In many cases of structural and machine designs, members must resist the force applied laterally or transversely to their axes. Such members are called beam. The main members supporting floors of buildings are beams, just as an axle of a car is a beam. Many shafts act simultaneously as torsion members and as beams. So far it can be said beam is an integral part of the construction.

Beam Deflection

Beam deflection means the state of deformation of a beam from its original shape under the work of a force or load or weight. One of the most important applications of beam deflection is to obtain equations with which we can determine the accurate values of beam deflections in many practical cases. Deflections are also used in the analysis of statically indeterminate beams.

Methods to Determine Beam Deflection

Several methods are available for determining beam deflections. The principle is the same but differs in technique and in their immediate objective.

  • Direct Integration Method
  • Area moment Method 
  • Conjugate Beam Method 
  • Method of Superposition

Direct Integration Method

Beam deflections due to bending are determined from deformation taking place along a span. This is based on the hypothesis that during bending, plane sections through a beam remains plain. For now, it will be assumed that bending takes place only about one of the principal axes of the cross-section. The edge view of the neutral surface of a deflected beam is called the elastic curve of the beam. The differential equation of the elastic curve of a beam:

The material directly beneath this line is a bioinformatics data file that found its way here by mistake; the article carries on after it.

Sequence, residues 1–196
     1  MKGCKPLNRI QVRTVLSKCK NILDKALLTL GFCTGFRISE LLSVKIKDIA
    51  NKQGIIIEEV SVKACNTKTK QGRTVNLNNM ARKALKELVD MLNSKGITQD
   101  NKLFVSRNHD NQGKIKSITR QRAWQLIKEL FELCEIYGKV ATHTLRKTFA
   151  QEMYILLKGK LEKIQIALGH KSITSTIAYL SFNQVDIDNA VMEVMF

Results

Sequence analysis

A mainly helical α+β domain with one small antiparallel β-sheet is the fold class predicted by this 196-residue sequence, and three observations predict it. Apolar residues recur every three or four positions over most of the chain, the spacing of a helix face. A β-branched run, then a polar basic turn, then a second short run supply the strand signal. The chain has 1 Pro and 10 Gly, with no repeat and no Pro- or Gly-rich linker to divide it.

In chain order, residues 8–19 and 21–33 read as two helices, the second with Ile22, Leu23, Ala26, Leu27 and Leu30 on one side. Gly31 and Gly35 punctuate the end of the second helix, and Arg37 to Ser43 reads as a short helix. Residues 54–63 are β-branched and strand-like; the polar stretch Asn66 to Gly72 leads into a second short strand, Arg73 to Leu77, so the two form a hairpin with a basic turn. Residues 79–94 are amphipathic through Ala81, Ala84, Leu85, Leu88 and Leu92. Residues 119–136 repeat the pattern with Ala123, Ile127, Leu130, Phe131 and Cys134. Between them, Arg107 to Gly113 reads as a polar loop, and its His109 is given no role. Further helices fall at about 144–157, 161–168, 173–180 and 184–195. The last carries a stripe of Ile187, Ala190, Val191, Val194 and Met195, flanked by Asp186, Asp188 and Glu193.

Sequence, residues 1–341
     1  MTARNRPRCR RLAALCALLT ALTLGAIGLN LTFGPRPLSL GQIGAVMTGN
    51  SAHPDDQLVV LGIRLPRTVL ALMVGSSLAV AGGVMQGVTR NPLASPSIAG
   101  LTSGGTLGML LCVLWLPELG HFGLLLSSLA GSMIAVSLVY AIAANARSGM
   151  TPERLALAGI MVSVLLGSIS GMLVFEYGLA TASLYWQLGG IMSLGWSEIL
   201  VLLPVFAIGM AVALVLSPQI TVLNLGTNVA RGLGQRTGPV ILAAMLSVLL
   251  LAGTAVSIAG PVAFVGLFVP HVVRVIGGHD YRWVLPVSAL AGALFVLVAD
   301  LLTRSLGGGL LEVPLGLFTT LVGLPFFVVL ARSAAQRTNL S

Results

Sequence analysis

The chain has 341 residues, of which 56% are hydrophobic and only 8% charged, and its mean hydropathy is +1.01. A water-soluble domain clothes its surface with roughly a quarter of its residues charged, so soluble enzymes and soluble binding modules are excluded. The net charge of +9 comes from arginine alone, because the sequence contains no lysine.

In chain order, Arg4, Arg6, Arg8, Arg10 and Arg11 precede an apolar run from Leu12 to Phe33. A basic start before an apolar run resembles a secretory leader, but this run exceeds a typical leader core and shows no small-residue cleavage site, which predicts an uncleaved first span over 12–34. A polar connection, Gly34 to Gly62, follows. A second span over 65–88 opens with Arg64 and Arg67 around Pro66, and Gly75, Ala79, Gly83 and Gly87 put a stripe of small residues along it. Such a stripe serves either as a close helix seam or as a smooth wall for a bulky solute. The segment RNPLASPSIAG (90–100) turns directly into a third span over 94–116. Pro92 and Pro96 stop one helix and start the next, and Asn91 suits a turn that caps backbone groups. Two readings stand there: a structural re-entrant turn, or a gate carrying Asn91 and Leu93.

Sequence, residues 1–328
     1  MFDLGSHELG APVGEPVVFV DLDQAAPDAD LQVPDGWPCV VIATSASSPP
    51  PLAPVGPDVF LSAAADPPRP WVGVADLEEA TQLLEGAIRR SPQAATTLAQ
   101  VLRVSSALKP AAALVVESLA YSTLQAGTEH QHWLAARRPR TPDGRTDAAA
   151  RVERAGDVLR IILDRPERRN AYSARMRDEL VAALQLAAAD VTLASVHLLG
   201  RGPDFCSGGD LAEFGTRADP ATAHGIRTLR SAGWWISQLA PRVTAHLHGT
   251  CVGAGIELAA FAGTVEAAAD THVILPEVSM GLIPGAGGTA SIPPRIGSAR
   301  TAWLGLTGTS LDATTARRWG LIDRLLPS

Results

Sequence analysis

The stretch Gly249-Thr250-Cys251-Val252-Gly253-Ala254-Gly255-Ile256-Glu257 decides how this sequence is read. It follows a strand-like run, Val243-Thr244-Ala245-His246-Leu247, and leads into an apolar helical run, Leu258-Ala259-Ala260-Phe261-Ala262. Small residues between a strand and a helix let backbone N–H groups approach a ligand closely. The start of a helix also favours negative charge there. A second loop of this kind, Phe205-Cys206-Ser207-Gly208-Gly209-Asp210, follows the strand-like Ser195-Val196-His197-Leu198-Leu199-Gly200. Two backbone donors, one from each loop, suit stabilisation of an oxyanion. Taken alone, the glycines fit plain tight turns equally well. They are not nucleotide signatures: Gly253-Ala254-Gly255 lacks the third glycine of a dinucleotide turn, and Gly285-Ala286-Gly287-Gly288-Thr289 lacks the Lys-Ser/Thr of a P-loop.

\[EI\;\frac{d^{2}y}{dx^{2}}=M\]

The product EI is called flexural rigidity of the beam which is usually constant along the beam.

v = deflections of the elastic curve

θ = dv/dx = v' = slope of the elastic curve

\[\text{M}=\;\text{EI}\frac{{d^{2}}v}{\text{d}x^{2}} = \text{EI}v^{\prime\prime}\]
\[\text{V}=\frac{\text{d}M}{\text{d}x}=\frac{\text{d}}{\text{d}x}\left(\;\text{EI}\frac{{d^{2}}v}{\text{d}x^{2}}\;\right) = \left(\text{EI}v^{\prime\prime}\right)^{\prime}\]
\[q=\frac{\text{d}V}{\text{d}x}=\frac{\text{d}^{2}}{\text{d}x^{2}}\left(\;\text{EI}\frac{{d^{2}}v}{\text{d}x^{2}}\;\right) = \left(\text{EI}v^{\prime\prime}\right)^{\prime\prime}\]

By simplifying-

\[\text{EI}\frac{{d^{2}}v}{\text{d}x^{2}} = \text{M}\left(x\right)\]
\[\text{EI}\frac{{d^{3}}v}{\text{d}x^{3}} = \text{V}\left(x\right)\]
\[\text{EI}\frac{{d^{4}}v}{\text{d}x^{4}} = \text{q}\left(x\right)\]

Here q(x) is the load function. The choices of which equation we will use to determine v depends on the ease with which an expression for moment, shear or load can be formulated.

Some Boundary Conditions:

  1. Clamped or fixed support:
    Clamped or fixed support
  2. Roller or pinned support:Roller or pinned support
    In this case. the end is free to rotate, that’s why the moment is zero.
  3. Free end:Free end
  4. Guided Support:Guided Support
 

Disclaimer

Please note that the information in Civiltoday.com is designed to provide general information on the topics presented. The information provided should not be used as a substitute for professional services.

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